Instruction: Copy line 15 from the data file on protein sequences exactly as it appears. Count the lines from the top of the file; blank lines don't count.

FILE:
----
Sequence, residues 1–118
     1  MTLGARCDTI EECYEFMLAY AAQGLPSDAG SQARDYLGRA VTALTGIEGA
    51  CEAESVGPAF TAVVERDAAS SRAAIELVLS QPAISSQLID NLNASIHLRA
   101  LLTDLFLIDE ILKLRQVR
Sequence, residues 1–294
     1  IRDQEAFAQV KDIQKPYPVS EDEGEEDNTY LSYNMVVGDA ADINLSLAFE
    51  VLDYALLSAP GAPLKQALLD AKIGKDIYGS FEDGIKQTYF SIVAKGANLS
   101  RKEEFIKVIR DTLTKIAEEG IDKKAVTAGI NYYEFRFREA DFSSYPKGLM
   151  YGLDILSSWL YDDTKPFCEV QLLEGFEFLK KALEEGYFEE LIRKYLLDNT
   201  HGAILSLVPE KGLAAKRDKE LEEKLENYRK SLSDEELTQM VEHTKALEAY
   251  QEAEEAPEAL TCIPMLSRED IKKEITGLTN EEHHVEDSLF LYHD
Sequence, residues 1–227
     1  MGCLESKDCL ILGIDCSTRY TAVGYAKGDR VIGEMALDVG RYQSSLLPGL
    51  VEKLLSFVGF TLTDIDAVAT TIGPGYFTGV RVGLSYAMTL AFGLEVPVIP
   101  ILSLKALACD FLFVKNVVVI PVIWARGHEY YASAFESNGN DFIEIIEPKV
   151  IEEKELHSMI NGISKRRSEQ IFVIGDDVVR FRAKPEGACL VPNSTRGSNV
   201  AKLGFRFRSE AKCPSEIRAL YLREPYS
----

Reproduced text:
   101  ILSLKALACD FLFVKNVVVI PVIWARGHEY YASAFESNGN DFIEIIEPKV